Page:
For more information on Koffler's discreditable conduct please see this article in Sunday's Toronto Star (pasted below):
Kensington Market exhibit stirs controversy among Jews

Yours truly,
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Koffler Centre persecutes Jewish artist



On May 8, the Koffler Centre for the Arts issued a press release announcing that they are "disassociating themselves" from an art exhibition by Toronto artist Reena Katz which is being installed at Kensington Market later this month. They are rejecting Katz not for the content of her work but because of her personal political beliefs, namely "Reena Katz’s public support for and association with Israel Apartheid Week." This is nothing less than blacklisting and the Koffler Centre should be ashamed of itself, particularly when one considers not only the number of Jewish artists and performers who suffered due to McCarthyist blacklisting in the 1950s but also the generations of Jews, in the arts as well as in the professions and various trades, who were denied employment not because of the quality or content of their work but because of their personal beliefs.

According to the Koffler Centre's press release
"As a Jewish cultural institution, an agency of UJA Federation of Greater Toronto, the Koffler Centre of the Arts will not associate with an artist who publicly advocates the extinction of Israel as a Jewish state. The Koffler considers the existence and well-being of Israel as a Jewish state to be one of its core values." Katz replies in an article in today's Toronto Star saying, "I have said that I'm an anti-Zionist Jew. So they are conflating the state of Israel with Zionism. I'm speaking to an ideology when I speak about Zionism. They're speaking about a Jewish state."

Partisans of the UJA, CJC and B'nai Brith like pretend that Jewish critics of Israel are either assimilated Jews who reject their heritage and only speak out against Zionism so they can gain acceptance from the non-Jewish left or are, worse, apostates, the fact is that opposition to Zionism within the Jewish community is as old and as established as Zionism itself and that the most adamant of Zionism's Jewish opponents base their opposition on religious grounds. Others do so based on Jewish philisophical traditions of humanitarianism and universalism.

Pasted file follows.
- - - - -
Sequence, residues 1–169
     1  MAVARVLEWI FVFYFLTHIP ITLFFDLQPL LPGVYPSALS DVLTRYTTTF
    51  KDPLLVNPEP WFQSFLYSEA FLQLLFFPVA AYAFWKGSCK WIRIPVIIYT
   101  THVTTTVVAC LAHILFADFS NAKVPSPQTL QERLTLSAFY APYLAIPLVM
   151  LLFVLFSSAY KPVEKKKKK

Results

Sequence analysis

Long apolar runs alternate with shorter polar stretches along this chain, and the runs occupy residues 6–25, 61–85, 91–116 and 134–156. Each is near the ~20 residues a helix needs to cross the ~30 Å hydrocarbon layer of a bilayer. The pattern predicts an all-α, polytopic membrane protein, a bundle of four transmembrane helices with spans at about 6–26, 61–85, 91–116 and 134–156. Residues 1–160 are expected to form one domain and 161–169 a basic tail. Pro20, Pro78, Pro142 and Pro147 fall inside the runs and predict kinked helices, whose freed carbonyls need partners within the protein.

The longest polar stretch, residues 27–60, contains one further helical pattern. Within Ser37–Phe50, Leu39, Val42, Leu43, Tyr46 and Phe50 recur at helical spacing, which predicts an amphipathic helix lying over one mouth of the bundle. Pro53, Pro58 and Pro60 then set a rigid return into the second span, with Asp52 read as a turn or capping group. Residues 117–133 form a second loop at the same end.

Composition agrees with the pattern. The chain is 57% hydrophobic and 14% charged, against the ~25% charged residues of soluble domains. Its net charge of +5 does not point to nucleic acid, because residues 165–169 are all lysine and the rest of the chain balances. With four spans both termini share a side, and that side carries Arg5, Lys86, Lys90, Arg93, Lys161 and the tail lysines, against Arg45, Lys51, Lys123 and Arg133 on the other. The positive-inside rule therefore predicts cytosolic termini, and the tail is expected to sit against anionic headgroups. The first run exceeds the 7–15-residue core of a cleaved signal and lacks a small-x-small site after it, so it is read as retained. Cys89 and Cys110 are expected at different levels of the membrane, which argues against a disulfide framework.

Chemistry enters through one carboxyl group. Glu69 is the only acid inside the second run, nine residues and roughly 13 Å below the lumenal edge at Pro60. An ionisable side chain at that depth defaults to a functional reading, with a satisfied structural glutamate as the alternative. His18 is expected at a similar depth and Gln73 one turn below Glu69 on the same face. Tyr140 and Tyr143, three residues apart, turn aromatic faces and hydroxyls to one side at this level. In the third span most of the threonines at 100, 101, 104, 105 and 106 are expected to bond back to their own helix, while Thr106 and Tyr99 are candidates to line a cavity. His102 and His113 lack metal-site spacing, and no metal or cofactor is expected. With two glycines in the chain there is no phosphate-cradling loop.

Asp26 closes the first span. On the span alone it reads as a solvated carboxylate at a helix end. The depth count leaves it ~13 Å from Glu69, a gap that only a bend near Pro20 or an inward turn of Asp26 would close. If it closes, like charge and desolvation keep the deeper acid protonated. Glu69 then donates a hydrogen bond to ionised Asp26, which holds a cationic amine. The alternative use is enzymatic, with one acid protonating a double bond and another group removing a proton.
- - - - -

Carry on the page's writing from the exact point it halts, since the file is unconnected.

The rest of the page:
Reena Katz is one of the most Jewish people I've met. Her work is infused with Jewish sensibilities and themes. She is not only a visual and sonic artist but a musician who fronted the Klemzer band Promegranate for a number of years. She describes her upcoming exhibit as a(n) homage to my Jewish roots and the Jewish roots of Kensington Market." The Koffler Centre recognized this as well. According to their now removed write up of the event (still available online thank's to Google's cache feature):

each hand as they are called reflects on Toronto’s Kensington Market as the vibrant site of multiple public cultural histories, layered with personal stories and fragmented by the movement of time. Katz approaches the culture of the Market through the lens of her own memory and experience of Kensington, coming out as a young, politically engaged, queer woman. Taking the ephemeral nature of experience in urban space to heart, through a series of solo and collaborative performances, temporary installations, community projects and public posters, Katz works with the notion of transition and movement. each hand as they are called captures the spirit of the Market on any given day, filled with passing but memorable vignettes.

Roaming, live vocal performances insert an experimental soundtrack of assimilation, anachronism and hybridity into the urban landscape of the Market. Based on the jazz-fusion music of Yiddish speaking sister duos from the 60s, Katz’s haunting compositions are a combination of popular music, Yiddish classics and jazz, composed backwards for female duets. The resulting absurdist vocals create a hybrid language of calls and beckoning within the Market streetscape.

A community-based component of the project involves Katz working with residents from the Terraces at Baycrest and grade eight students from Ryerson Community Public School. Together, their working process will highlight Kensington as the important meeting point of Jewish and Chinese culture through the game of Mah Jongg, a game originating in East Asian communities which migrated and was popularized with North American Jewish women during the 1920s. The project culminates in a public day of inter-generational Mah Jongg in the Market’s Bellevue Park on June 7 (rain date: June 14).